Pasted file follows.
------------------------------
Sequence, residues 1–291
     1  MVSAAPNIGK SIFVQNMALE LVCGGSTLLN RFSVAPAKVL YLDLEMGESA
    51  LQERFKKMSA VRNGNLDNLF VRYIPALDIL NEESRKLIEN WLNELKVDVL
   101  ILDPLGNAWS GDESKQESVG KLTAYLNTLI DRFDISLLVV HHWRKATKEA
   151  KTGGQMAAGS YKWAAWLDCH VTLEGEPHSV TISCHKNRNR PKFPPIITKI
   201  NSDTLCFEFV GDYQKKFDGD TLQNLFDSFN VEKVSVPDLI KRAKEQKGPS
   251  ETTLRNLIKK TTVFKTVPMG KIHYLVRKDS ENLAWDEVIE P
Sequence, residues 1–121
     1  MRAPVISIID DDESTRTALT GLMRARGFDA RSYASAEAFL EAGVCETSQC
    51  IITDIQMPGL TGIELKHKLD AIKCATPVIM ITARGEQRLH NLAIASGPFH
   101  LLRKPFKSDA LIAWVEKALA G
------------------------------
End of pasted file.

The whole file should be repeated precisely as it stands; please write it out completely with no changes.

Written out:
Sequence, residues 1–291
     1  MVSAAPNIGK SIFVQNMALE LVCGGSTLLN RFSVAPAKVL YLDLEMGESA
    51  LQERFKKMSA VRNGNLDNLF VRYIPALDIL NEESRKLIEN WLNELKVDVL
   101  ILDPLGNAWS GDESKQESVG KLTAYLNTLI DRFDISLLVV HHWRKATKEA
   151  KTGGQMAAGS YKWAAWLDCH VTLEGEPHSV TISCHKNRNR PKFPPIITKI
   201  NSDTLCFEFV GDYQKKFDGD TLQNLFDSFN VEKVSVPDLI KRAKEQKGPS
   251  ETTLRNLIKK TTVFKTVPMG KIHYLVRKDS ENLAWDEVIE P
Sequence, residues 1–121
     1  MRAPVISIID DDESTRTALT GLMRARGFDA RSYASAEAFL EAGVCETSQC
    51  IITDIQMPGL TGIELKHKLD AIKCATPVIM ITARGEQRLH NLAIASGPFH
   101  LLRKPFKSDA LIAWVEKALA G